INTO THE WOODS is a Portland-made web series that documents Pacific Northwest bands journeying to a cabin in the wilderness with a vanload of friends for a night of merriment capped by a concert. And lest we think it's merely a new addition to the already well-established live-music-on-location trend initiated by France's Take Away Show and repped locally by The Penny Jam, Jordan Kinley has done some thinking of his own. As one member of the team of five filmmakers who produce Into the Woods and maintain the site that hosts it—intothewoods.tv—Kinley is quick to point out what distinguishes his series from the rest of the mobile pack:
"Seeing the bands eating and driving and sleeping offers an intimate portrait. The people who end up going to the cabin are the band's close friends, so they become indicators of the band's personality as well. I personally think that the most interesting music documentaries are the ones where you see the personality of the band. The best moments in Don't Look Back aren't where Dylan is playing but when he's walking around whacked out on speed."
Judging by the inaugural episode of Into the Woods, which debuted publicly at Holocene last month and is now viewable online, Kinley's got a point. The first installment features electro-pop outfit Wampire cooking stew, lounging in a sauna, playing Jenga, altering moods, and, of course, playing music with a cadre of 15 or so buddies at a cabin on Mt. Hood. The lush, largely nocturnal, snowbound footage is visually breathtaking, and with it cut into a narratively ambitious, fluidly nonlinear 18 minutes, one gets a sense of the impressive resumes (work with Michel Gondry, Spin) trailing behind the crew.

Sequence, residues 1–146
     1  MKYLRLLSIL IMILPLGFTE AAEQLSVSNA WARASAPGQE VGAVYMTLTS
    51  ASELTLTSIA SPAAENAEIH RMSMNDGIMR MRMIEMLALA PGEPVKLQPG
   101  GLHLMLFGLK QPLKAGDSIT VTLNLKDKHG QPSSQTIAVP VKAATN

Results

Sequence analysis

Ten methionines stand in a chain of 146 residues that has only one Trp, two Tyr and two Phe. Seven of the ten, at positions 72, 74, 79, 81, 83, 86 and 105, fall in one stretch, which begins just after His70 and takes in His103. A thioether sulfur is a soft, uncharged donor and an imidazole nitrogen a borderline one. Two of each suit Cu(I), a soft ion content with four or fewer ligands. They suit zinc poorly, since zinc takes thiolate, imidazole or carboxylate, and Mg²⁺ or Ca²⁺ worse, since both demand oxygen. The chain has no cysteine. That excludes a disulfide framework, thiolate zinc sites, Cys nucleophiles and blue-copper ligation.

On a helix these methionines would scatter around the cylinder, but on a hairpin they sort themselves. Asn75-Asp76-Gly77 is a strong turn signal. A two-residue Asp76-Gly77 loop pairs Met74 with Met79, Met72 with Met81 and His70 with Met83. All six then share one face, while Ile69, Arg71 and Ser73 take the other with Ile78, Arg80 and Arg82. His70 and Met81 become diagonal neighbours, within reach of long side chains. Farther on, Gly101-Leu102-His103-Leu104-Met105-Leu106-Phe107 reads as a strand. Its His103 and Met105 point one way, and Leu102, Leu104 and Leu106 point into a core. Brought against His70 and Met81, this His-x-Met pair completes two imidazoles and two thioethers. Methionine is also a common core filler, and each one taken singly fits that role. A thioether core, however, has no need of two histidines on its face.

The curiously moving vibe of Into the Woods is most reminiscent of that of the undeniably impressive Wieden + Kennedy-crafted, Whitman-appropriating "Go Forth" Levi's ads, and as with those spots, given Into the Woods' abundant Pabst, underwear, and neon sunglasses, questioning whether it's lifestyle porn can't be entirely ignored. However, Into the Woods actually captures the authentic energy and warm spirit of a house show more fully than any documentary I've seen, and—perhaps due to the fact that Wampire and Into the Woods' producers are friends—all the chit-chat, camera smiles, and most importantly, musical performances have the air of un-staged, genuine fun.
Even with the cabin donated, the budget for the first episode of Into the Woods ran to $1,200, and though there are plenty of big-name acts slated for future months' fare, the Woods crew is still debating the merit of various funding models, from ads to sponsors. Meanwhile, the grand vision that Kinley and crew have for their site—a West Coast answer to music-centric web-series hubs like those of Pitchfork and Vice—requires consistent programming, a need met by three smaller-in-scope weekly series that just debuted on the site. Don't Quit Your Day Job, a work-visit show, begins with a trip to the Potato Champion fryers with starch-master and Reporter drummer Mike McKinnon, while Feels Like Home, showcasing bands playing at their own residences, launches with a set at Dekum Manor by Leather Tom and the Dirty Dudes. Most promising is Learning Curve, which presents musicians teaching a musical lesson and kicks off with Zack Osterlund of Breakfast Mountain taking viewers behind his electronic curtain to explain how to sculpt a suitably blown-out synth sound. Stay tuned.